From 1989 through 2002 there was an unprecedented surge in American sitcoms featuring explicitly, Jewish lead characters, 32 compared to seven in the previous 40 years. Several of these ""Mad About You"", ""The Nanny"" and ""Friends"" - were among the most popular and influential of all shows over this period; one programme - ""Seinfeld"" - has been singled out as the ""defining"" series of the 90s. In addition, scriptwriters have increasingly created ""Jewish"" characters, although they may not be perceived to be by the show's audience. Rachel Green on ""Friends"" being only one example. Here, Vincent Brook asks two key questions: why has this trend appeared at this particular historical moment and what is the significance of this phenomenon for Jews and non-Jews alike? He takes readers through three key phases of the Jewish sitcom trend: the early years of televisions before and after the first Jewish sitcom, ""The Goldbergs"", appeared; the second phase in which America found itself ""Under the Sign of Seinfeld""; and the current era of what Brook calls ""post-Jewishness"". Interviews with key writers, producers and showrunners such as David Kohan (""Will and Grace""), Marta Kauffman (""Friends"" and ""Dream On""), Bill Prady (Dharma and Greg""), Peter Mehlman and Carol Leifer (""Seinfeld""),and close readings of individual episodes and series provoke the conclusion that we have entered uncharted ""post-Jewish"" territory. The rise of the Jewish sitcom represents a broader struggle in which American Jews and the TV industry, if not American society as a whole, are increasingly operating at cross-purposes - torn between the desire to celebrate unique ethnic identities, yet to assimilate; to assert independence, yet also to build a consensus to appeal to the widest possible audience.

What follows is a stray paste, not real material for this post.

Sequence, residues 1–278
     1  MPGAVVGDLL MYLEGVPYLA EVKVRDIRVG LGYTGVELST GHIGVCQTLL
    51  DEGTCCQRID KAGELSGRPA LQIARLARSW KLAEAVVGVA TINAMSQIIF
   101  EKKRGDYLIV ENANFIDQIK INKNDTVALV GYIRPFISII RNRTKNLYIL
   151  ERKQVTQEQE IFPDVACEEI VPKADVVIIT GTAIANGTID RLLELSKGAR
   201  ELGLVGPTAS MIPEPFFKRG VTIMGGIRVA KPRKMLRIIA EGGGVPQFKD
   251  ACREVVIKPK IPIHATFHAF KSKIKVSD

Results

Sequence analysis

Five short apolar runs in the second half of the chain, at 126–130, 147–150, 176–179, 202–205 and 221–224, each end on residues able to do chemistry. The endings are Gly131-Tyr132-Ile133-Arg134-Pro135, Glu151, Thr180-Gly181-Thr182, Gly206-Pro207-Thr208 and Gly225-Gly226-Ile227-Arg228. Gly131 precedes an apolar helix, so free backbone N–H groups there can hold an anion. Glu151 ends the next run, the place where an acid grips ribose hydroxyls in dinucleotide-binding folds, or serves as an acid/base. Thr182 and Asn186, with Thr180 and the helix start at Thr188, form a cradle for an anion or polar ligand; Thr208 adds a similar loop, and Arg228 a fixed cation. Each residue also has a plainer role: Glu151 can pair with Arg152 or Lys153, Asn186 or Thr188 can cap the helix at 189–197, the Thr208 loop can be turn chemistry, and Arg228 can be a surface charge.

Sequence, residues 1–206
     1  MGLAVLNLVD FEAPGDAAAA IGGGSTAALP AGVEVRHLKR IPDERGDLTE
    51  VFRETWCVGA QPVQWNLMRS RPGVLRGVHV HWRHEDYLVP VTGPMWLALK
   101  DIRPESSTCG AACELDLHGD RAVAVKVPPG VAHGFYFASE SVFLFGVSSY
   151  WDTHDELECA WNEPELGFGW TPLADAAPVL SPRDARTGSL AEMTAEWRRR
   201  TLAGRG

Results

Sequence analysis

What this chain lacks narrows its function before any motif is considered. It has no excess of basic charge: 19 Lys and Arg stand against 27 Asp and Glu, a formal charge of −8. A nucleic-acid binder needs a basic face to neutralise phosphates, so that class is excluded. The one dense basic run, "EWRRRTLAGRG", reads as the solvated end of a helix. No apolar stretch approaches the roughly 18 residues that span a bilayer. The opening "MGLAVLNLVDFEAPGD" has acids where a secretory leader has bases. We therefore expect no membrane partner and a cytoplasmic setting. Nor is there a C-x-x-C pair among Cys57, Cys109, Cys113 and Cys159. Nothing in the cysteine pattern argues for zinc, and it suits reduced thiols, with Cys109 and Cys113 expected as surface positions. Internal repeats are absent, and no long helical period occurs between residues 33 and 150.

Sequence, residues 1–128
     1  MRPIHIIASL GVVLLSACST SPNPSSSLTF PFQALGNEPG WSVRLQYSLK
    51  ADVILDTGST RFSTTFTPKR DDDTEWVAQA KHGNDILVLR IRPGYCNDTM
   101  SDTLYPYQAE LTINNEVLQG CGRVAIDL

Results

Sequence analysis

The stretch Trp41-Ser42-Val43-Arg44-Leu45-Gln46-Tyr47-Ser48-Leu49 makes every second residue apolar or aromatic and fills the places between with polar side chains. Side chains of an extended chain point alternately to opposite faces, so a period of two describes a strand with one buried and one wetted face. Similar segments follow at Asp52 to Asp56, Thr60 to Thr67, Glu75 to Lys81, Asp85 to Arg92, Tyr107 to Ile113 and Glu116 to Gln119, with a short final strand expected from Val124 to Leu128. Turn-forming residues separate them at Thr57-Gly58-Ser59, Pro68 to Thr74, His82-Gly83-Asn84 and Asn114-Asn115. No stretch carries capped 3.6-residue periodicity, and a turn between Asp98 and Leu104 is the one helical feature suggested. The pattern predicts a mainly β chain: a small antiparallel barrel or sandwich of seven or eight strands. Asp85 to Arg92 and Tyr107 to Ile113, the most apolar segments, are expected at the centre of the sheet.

Vincent Brook is an adjunct professor in film and television at California State University and Pierce College in Los Angeles. He has also worked as a film editor and screenwriter and has published a number of articles in noted film journals.